Why Christopher Nolan Said Goodbye To Superhero Movies

Christopher Nolan on the set of Dunkirk
Christopher Nolan on the set of Dunkirk Christopher Nolan

Christopher Nolan is a filmmaker, in its purest definition. He has proven himself, innumerable times over his career, to have a firm grasp of the niceties of visual storytelling, whether they be in his own work or nestled beneath the iconic wieght of others. He never makes the same film twice, though his works are linked by hallmarks that have since become standards in the industry. For better or for worse, to most his name has become synonymous with the modern blockbuster, due in large part to his work on The Dark Knight trilogy.

Nolan’s elseworld interpretation of the comic book legend, particularly its middle chapter, informed the way movies of its type get made, even now, over a decade since its first installment hit cinemas. To varying degrees, each film in the series is well-regarded by critics, general movie goers and fans of the genre, but it seems now the 46-year-old auteur finds liberation in telling stories more grounded in reality.

Enter Dunkirk , a sweeping World War II epic that tells the tale of a last minute evacuation mission to save allied tropes besieged by German soldiers. It’s a story Nolan’s been wanting to tell for decades – a historical drama that sets the stage for the kind of large scale tension the veteran director thrives on. Nolan doesn’t seem to be soured on the superhero genre, but the decision to stay out of the directing chair in regards to comic book movies seems to be a distinctly personal one.

Christopher Nolan spoke to Yahoo while promoting the upcoming Dunkirk and had this to say:

“I mean I watch the films, I enjoy films very much as a moviegoer these days. I spent 10 years of my life dealing with one of the greatest characters in pop fiction. It was a great honor and privilege to work with that, but there’s a time to pass it on to new people.”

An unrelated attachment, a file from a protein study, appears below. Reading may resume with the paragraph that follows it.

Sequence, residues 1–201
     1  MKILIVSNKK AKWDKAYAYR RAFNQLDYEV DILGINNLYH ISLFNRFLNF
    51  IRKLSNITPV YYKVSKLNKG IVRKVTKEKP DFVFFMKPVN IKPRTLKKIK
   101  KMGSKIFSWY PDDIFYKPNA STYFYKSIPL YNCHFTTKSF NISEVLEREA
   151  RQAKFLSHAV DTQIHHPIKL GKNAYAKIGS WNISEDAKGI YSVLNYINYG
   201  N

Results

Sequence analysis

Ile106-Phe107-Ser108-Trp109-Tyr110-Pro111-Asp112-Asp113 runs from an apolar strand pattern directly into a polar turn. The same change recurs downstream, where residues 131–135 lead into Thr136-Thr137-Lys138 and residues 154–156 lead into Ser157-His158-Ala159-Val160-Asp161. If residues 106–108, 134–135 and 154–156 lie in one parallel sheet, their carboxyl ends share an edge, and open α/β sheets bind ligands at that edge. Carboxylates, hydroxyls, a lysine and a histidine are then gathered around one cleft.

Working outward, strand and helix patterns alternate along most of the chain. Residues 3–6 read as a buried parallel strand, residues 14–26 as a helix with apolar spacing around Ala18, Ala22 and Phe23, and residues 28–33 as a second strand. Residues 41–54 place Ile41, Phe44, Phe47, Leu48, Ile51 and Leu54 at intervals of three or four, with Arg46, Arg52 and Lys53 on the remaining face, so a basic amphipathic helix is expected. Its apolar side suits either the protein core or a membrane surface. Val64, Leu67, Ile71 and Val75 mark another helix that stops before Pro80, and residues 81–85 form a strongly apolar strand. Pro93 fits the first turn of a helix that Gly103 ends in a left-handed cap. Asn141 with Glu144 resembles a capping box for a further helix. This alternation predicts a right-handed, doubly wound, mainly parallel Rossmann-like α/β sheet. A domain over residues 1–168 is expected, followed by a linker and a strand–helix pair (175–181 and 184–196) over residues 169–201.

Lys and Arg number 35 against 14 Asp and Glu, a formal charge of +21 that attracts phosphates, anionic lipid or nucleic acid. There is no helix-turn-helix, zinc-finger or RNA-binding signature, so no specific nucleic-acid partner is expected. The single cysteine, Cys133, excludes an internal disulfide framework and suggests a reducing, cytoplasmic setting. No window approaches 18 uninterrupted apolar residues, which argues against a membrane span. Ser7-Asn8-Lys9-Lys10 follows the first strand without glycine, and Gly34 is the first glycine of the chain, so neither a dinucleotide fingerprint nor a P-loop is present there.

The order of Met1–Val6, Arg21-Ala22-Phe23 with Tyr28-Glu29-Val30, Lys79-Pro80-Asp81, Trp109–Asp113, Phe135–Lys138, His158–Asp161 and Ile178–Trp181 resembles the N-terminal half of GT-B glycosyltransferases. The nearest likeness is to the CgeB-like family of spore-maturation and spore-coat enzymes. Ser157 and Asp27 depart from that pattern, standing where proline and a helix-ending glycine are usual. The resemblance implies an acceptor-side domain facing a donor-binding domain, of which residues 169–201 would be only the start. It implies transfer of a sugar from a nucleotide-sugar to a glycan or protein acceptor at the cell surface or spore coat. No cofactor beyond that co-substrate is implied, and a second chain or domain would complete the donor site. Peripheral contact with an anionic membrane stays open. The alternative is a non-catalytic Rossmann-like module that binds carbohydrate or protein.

To me, this is comforting. I published concerns not too long ago about a world that sees our visionaries swallowed up by the superhero blockbuster vacuum. It’s an odd conundrum because the genre has been greatly benefited by the exclusion of bland yesmen-for-hire directors like Bryan Singer bastardizing the source material. I hope Nolan’s deliberate choice to exercise his unique expertise on a massive undertaking like Dark Knight (a trilogy that had a definitive beginning middle and end) then going on to overcome pressures from major studies to drudge up more franchise flicks, and instead opting to make films that are more personal becomes a precedent for other up and coming filmmakers.

Dunkirk hits theaters on July 20 and it looks to be Christopher Nolan’s most accomplished film thus far. The director seeks to continue to challenge himself as evident by his sit down with Stephen Whitty of ArtSyndicate,

“It’s interesting, as I finished the film ( Dunkirk ) and was showing it to the studio for the first time- which clarifies your mind remarkably, I realised my driving force wasn’t just to get away from artifice but the very types of artifice I myself had been using. To try and force myself into a new direction. “

Defying convention, one of the many qualities that distinguish Christopher Nolan as one of the visionaries of our era.

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